Vodacom has taken over all upgrades, credit vetting, and collections for Cell C’s contract customers after they were moved to Vodacom’s network, an industry insider said.
Cell C started to migrate its contract and broadband subscribers to Vodacom’s network in mid-December, a process which was expected to last two months.
The decision took many people by surprise as Cell C is building a “virtual network” in partnership with MTN and has a national roaming agreement with the mobile operator in place.
It was widely speculated that Cell C sold its contract and broadband subscriber base to Vodacom in a deal which involved Comm Equipment Company (CEC).
CEC is a wholly owned subsidiary of Blue Label Telecoms which was founded in 2015 with a contract to supply and finance all devices supplied by Cell C to the market.
Blue Label Telecoms, which owns 45% of Cell C, recently said the business model of this financing arrangement indirectly exposes it to the credit risk of Cell C.
Blue Label Telecoms’ management, however, said it has effectively mitigated this risk through the operational model used and the “very high collateral requirements” which are in place.
As part of this agreement, Blue Label Telecoms and CEC have the right to sell Cell C’s contract customer base in the event of a default by Cell C.
Considering Cell C’s dismal financial situation and the strange decision to move its contract customers Vodacom and not MTN, it is no surprise that many industry players thought a sale took place.
Cell C, Vodacom, and Blue Label Telecoms have, however, vehemently denied that any sale of subscribers took place.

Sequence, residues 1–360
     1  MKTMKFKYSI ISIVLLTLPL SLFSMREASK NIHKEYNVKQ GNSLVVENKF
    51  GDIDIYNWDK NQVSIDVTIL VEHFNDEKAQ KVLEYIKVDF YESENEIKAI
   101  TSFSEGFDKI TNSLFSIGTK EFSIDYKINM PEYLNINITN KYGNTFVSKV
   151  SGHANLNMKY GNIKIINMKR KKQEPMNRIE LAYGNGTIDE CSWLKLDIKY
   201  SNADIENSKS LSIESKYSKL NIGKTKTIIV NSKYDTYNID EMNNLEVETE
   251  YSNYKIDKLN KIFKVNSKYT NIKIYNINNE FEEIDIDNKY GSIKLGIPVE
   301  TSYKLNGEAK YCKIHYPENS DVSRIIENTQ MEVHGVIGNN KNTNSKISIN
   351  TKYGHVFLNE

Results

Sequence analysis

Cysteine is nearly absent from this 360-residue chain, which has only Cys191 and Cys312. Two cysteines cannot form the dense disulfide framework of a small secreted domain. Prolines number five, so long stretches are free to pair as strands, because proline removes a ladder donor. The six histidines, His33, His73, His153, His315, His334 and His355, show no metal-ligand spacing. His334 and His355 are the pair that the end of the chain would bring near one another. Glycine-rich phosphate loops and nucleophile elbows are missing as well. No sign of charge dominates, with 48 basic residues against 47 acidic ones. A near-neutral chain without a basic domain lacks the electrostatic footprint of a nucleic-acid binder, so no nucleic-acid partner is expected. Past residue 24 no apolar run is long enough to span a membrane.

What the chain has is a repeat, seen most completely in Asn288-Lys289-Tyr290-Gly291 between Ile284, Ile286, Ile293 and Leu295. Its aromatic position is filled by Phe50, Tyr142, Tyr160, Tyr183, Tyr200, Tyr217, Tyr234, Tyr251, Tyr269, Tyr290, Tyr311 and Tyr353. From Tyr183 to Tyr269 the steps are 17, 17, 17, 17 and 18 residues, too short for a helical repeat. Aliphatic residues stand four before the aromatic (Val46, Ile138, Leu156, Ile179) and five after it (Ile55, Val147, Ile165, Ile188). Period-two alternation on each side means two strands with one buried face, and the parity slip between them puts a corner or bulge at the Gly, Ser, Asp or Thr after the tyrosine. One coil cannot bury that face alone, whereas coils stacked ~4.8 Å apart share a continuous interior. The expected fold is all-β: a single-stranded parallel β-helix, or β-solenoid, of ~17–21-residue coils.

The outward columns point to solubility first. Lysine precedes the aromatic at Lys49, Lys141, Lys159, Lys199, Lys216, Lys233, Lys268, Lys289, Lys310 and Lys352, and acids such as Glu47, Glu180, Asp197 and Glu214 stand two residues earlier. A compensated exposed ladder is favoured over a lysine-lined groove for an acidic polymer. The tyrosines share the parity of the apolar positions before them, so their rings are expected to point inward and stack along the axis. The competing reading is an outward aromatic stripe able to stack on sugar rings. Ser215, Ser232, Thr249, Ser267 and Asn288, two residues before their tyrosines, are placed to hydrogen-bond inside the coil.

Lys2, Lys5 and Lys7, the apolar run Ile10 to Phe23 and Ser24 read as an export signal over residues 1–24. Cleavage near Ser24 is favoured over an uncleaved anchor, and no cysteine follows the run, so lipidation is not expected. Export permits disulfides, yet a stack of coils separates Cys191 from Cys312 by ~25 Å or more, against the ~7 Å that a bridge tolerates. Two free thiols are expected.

Instead, Cell C said the migration of its customers to Vodacom forms part of its “network roaming model” which will see it become South Africa’s largest wholesale buyer of network capacity and infrastructure services from Vodacom and MTN.
While Cell C and Vodacom are trying to make the migration look like a simple roaming agreement, many industry players are disputing this.
One industry insider told MyBroadband Vodacom has taken over all upgrades, credit vetting, and collections for Cell C’s contract customers as part of the agreement.
This should not come as a surprise. TechFinancials reported in October 2020 that CEC planned to subcontract Vodacom to handle its credit vetting, call centre, billing, and collections for Cell C’s contract customers.
TechFinancials further reported that after the migration to Vodacom has been completed, Cell C customers will see Vodacom as their mobile provider.
MyBroadband can confirm that this is indeed the case. Instead of showing Cell C as their carrier name, contract subscribers are now shown Vodacom as their provider (see screenshot below).
With Vodacom reportedly taking over numerous services for Cell C’s contract subscribers and also serving all their network needs, these subscribers are now close to being Vodacom subscribers.
It is currently not clear if Cell C is still providing any services to its contract subscribers, or whether they are now essentially Vodacom subscribers, albeit unofficially.
MyBroadband asked Cell C for further information about its relationship with Vodacom, but the company would not provide any details.
Instead, it said “these commercial agreements, their existence and their terms are confidential between Cell C and the counter parties to the contract”.
Vodacom would also not answer any questions regarding its relationship, saying it is “contractually precluded from commenting on this”.